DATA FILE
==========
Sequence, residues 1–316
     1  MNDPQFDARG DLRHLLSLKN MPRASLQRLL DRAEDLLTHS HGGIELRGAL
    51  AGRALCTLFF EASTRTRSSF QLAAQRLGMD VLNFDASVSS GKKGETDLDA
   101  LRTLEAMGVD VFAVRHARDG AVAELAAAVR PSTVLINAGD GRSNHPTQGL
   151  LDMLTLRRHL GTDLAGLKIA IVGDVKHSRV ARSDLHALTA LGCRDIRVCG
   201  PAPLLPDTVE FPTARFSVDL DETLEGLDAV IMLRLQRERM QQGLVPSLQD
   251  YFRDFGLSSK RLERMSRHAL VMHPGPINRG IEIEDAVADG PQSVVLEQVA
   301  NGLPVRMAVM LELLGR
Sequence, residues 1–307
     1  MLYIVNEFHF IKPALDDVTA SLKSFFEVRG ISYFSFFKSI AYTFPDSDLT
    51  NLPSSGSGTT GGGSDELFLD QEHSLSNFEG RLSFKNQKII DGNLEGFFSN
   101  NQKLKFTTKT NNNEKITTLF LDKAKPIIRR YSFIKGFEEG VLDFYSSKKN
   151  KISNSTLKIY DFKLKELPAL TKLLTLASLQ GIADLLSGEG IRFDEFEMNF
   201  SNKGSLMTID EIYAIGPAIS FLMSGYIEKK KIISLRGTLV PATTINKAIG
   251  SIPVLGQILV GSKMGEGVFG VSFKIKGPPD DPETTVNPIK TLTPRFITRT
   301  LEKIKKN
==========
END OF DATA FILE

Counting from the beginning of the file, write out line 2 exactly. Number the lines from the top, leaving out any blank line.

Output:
     1  MNDPQFDARG DLRHLLSLKN MPRASLQRLL DRAEDLLTHS HGGIELRGAL